"We have a lot of beautiful old buildings in Hamilton and they've been owned for a long time, but they're not costing [the owner] any money, so they're not a priority."

Florist Gail Jones had been in the flower business in Hamilton for 51 years with her Worley Place store. When she arrived, the city was a destination.

"Victoria St was the golden mile. You had to pay huge key monies to get in, but it was busy.

"I've got a very strong business because of how long I've been here. . . . a lot of my business comes from outside the city. But the city is dead and for anyone new to start, they've got no chance."

The Times survey revealed at least of a quarter of the CBD was dependant on eateries or bars as the area continued to struggle against the changing face of retailing and competition from The Base and Chartwell.

Jones wanted to see council investing in the central district,helping to fill buildings, instead of investing in new projects.

"The city works on people. We've only got the 'scruffies' here because nobody is there and they can get away with it. If it was a thriving business [area] they wouldn't be there."

She added an hour's free parking would draw people in.

Hardaker said council had set aside budget to upgrade parking technology in the CBD and "once the budget is signed off in June, we will be getting work done on that," but free parking was not on the cards.

Colin Jones, of Commercial and Industrial Consultants, said the CBD would come right in time. "It's the private industry that has to rejuvenate the CBD, but there hasn't been the incentives financially for the private sector to spend money on their property."


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Robyn and Geoff Bryant of Bryant's Watch Centre have shut up shop after 42 years in Hamilton's CBD.  Photo: Mark Taylor/Fairfax NZ

After four decades mending timepieces in the central city, the hour is up for Hamilton's last standing watchmaker.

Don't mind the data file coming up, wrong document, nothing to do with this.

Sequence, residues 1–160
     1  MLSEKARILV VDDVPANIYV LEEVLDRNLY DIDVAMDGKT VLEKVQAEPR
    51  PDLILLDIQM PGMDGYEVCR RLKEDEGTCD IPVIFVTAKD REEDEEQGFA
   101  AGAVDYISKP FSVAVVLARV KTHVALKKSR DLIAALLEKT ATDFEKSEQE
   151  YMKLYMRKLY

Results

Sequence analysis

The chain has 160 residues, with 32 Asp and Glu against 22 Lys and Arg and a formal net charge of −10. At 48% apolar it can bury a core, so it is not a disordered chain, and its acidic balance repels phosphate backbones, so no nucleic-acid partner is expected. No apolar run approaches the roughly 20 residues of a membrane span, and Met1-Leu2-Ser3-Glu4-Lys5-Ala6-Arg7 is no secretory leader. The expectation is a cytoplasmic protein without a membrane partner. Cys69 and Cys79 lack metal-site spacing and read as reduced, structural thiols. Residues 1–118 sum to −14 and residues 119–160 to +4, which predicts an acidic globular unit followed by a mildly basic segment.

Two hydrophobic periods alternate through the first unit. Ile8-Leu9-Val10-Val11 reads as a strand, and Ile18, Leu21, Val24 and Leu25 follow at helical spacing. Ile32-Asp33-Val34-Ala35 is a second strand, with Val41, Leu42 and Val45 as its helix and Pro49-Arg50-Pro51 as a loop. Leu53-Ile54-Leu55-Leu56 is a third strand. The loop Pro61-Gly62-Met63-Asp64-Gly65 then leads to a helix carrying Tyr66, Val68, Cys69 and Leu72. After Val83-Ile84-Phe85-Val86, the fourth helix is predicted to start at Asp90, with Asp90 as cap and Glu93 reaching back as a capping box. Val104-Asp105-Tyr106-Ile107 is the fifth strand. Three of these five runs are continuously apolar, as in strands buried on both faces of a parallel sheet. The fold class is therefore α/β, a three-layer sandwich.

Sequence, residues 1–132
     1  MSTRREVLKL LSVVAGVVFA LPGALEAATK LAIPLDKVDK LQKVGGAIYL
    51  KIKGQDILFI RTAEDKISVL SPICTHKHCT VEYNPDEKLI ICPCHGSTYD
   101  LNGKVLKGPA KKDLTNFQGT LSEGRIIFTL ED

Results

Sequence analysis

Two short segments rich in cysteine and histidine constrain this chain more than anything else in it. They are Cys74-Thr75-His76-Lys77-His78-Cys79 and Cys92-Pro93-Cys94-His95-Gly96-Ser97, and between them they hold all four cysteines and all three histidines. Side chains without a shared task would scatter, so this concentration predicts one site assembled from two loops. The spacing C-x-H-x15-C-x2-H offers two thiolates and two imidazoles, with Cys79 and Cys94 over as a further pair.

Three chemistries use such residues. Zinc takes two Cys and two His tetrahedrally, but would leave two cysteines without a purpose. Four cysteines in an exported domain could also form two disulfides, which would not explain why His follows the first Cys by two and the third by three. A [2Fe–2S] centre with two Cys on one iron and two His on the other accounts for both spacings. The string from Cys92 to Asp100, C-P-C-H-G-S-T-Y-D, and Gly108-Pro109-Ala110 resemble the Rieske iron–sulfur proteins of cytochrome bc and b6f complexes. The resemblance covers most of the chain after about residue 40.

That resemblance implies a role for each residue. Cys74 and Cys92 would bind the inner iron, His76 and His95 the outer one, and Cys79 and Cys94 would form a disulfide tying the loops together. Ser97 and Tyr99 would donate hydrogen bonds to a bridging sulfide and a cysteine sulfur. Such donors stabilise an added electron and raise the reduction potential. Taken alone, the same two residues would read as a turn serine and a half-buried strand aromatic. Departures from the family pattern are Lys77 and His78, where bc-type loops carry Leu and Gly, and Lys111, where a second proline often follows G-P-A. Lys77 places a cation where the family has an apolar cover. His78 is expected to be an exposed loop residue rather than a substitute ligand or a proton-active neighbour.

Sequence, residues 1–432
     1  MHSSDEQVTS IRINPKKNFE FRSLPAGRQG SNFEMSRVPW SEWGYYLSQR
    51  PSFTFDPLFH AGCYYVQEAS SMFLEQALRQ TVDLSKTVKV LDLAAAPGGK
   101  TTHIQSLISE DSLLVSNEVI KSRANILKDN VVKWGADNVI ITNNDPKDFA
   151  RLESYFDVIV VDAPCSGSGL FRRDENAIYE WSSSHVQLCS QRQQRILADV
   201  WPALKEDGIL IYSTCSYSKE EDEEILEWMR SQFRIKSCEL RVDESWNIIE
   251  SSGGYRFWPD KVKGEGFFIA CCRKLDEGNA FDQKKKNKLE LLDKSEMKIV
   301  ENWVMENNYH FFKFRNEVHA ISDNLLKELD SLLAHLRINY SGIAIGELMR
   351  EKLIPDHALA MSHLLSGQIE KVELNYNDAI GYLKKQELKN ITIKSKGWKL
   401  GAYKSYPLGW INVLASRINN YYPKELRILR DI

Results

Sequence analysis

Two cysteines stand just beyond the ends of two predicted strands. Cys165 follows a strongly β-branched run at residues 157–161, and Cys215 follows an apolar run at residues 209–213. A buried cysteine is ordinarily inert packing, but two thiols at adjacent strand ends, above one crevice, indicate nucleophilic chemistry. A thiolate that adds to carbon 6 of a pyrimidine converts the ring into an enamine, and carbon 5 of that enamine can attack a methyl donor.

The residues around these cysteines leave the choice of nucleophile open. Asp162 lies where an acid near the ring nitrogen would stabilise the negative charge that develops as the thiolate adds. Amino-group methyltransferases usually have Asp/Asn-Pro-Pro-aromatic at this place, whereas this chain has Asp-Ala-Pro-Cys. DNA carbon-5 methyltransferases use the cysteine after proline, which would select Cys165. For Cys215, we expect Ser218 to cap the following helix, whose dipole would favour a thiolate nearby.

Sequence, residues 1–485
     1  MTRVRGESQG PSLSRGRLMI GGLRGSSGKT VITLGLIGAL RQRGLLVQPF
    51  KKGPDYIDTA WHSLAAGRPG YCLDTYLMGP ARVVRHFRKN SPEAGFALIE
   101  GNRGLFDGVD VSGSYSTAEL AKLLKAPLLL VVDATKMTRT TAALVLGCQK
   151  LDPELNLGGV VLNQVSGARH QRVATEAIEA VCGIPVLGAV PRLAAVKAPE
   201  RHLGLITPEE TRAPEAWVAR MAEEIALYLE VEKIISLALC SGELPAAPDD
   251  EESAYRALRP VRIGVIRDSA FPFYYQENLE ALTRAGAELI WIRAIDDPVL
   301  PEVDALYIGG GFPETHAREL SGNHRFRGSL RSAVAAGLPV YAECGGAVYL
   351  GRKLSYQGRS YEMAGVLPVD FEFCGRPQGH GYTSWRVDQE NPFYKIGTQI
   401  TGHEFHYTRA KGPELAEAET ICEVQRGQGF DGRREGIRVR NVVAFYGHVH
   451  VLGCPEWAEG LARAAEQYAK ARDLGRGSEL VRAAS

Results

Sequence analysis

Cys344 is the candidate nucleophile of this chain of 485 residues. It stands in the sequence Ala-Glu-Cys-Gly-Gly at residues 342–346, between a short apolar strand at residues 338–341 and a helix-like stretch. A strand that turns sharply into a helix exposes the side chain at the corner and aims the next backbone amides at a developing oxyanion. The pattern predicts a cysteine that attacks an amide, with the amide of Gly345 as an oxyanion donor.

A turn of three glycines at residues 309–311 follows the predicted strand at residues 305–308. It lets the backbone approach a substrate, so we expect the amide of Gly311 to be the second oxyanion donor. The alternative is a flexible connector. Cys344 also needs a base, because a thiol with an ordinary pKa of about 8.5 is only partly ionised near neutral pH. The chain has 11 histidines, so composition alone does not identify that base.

Geoff Bryant and his wife Robyn have operated Bryant's Watch Centre in the central city for 42 years, but shut the doors for the last time on Tuesday after calling time on their Victoria St shop.

The mending business will still operate out of the Bryant's basement in Maeroa, but Geoff said it was time to say goodbye to the retail store and the city.

He said the key reason was Robyn's ailing health - she needs a back operation - but added rising rents and the vacancy signs in the CBD were factors in their departure.

"I think there's been a lot of influences [on us closing the shop], the rent hasn't helped," Robyn said.

Geoff said he'd come to accept that his profession was dying, thanks to budget throwaway watches and increasingly hard-to-source parts.

When the Bryant's arrived in Hamilton in 1972, Geoff estimated there were about 18 watchmakers in Hamilton.

"I would liken us to 19th Century blacksmiths - there used to be one of us on every corner, now we're the only one."

For that reason, the business has thrived. But Geoff said customers complained about lack of parking, and the empty shops nearby were a warning sign.

Online shopping had also given the retail side a hammering, and customers had become a lot more demanding over the years, he said.

"It's a bit sad, although we will carry on outside the public eye, it's the end of an era."

 - Waikato Times